judge court gavel

A Dane County jury awarded more than $15 million on Thursday to the parents of a 23-year-old woman who was struck and killed in 2015 as she crossed Raymond Road on her bicycle, finding the driver who hit her to be 100% at fault for her death.

The jury awarded the family of Emilly Zhu $10 million for loss of society and companionship and $5 million for past pain, suffering, mental anguish, apprehension, discomfort or sorrow. The $10 million figure will be automatically reduced to $350,000, which is the cap for such jury awards in Wisconsin, said Clayton Griessmeyer, who represents Zhu’s family in their lawsuit against the driver, Brian Hodgson.

The $5 million figure will remain, as there is no cap for past pain and suffering. Zhu’s family was also awarded $127,178 for medical expenses and $9,329 for funeral expenses, amounts set prior to the jury trial, which began Monday before Dane County Circuit Judge Valerie Bailey-Rihn.

“We’re just really happy,” Griessmeyer said. The verdict, he said, came nearly four years to the day after the crash, which happened on June 10, 2015, as Zhu rode her bicycle, as she did most days, to work at Epic Systems. She died two days after the crash.

The only witness to the crash was Hodgson, Greissmeyer said. Hodgson told police Zhu rode without stopping into Raymond Road, where the Ice Age bike and pedestrian path crosses the 8000 block of Raymond Road, on Madison’s Southwest Side.

Four months after the crash, the Dane County District Attorney’s Office said Hodgson would not be charged with a crime. According to police, Hodgson said Zhu rode into the crosswalk “very quickly” and he could not stop in time to avoid her.

Police concluded at the time that Hodgson was driving between 52 and 55 mph, based on the length of a skid mark at the scene. The posted speed limit was 45 mph.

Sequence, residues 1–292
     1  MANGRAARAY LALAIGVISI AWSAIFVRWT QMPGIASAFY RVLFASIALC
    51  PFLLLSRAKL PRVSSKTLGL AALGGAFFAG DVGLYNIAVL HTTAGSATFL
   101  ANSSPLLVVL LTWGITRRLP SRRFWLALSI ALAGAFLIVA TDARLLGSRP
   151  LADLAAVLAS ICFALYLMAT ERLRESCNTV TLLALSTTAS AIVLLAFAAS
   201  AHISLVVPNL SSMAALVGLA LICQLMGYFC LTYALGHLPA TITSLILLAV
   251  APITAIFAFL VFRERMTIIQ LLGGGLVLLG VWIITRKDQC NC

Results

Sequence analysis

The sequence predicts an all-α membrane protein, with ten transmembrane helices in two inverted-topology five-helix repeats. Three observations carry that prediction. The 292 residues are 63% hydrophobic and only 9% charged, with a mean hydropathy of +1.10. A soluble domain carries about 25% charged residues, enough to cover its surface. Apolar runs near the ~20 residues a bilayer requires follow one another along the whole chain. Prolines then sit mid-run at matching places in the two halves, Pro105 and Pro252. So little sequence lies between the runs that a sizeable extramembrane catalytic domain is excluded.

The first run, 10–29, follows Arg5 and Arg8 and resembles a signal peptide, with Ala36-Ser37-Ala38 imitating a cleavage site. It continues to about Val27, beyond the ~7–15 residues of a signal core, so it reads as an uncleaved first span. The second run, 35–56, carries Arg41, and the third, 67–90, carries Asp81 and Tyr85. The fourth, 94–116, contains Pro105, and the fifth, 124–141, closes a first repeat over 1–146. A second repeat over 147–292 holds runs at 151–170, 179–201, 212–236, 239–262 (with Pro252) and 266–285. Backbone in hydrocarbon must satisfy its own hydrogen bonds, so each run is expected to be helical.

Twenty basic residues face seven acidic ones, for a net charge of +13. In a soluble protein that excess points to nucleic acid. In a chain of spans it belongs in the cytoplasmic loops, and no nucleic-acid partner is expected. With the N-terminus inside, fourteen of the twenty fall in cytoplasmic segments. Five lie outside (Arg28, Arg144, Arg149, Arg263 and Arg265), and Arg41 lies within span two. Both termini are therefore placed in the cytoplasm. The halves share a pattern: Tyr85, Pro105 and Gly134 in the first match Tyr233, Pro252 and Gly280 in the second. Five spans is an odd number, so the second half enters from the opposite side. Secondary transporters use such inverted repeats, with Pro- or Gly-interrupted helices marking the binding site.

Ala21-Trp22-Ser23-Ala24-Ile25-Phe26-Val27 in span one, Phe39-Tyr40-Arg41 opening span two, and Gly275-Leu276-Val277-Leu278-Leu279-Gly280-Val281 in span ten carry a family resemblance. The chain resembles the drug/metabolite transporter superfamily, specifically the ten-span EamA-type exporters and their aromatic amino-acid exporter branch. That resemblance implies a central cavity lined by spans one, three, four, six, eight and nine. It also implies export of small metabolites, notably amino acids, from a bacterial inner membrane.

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Griessmeyer said the rule of right-of-way says that Zhu, as a bicyclist, had the right of way at the crossing. He added that a jogger who often passed Zhu on the path in the morning noted that when he saw her, she always rode slowly, and always wore a helmet. No helmet was found at the scene or among Zhu’s possessions at home, Griessmeyer said.

The jury verdict, however, is not likely to be the last word in the case.

“We respect the jury’s efforts but we were naturally disappointed by the verdict,” attorney Ward Richter, who represents Hodgson, wrote in an email. “We have concerns about certain of the court’s rulings and anticipate further proceedings.”

Griessmeyer said Zhu was raised in Fort Collins, Colorado, then attended Princeton University, where she was a star student in chemical engineering, computer sciences and biomedical engineering. After college, she came to Madison to work at Epic.

She came to the U.S. from China at age 3, the only child of her parents, Zongjian Zhu and Weiqin Jiang. Because she arrived here when she was so young, she helped her parents immensely with English and in navigating American culture. She was, Griessmeyer said, “the perfect child.”

“She was just a great, tremendous, special person,” Griessmeyer said. “She was a person you couldn’t find anything wrong with.”

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